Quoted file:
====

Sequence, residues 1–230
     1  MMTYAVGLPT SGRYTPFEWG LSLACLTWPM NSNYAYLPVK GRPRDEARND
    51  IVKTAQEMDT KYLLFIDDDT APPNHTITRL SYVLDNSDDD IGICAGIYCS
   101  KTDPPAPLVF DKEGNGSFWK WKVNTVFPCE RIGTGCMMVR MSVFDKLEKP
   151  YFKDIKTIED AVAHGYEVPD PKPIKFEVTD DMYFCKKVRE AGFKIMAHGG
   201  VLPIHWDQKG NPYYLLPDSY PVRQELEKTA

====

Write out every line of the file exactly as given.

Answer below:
Sequence, residues 1–230
     1  MMTYAVGLPT SGRYTPFEWG LSLACLTWPM NSNYAYLPVK GRPRDEARND
    51  IVKTAQEMDT KYLLFIDDDT APPNHTITRL SYVLDNSDDD IGICAGIYCS
   101  KTDPPAPLVF DKEGNGSFWK WKVNTVFPCE RIGTGCMMVR MSVFDKLEKP
   151  YFKDIKTIED AVAHGYEVPD PKPIKFEVTD DMYFCKKVRE AGFKIMAHGG
   201  VLPIHWDQKG NPYYLLPDSY PVRQELEKTA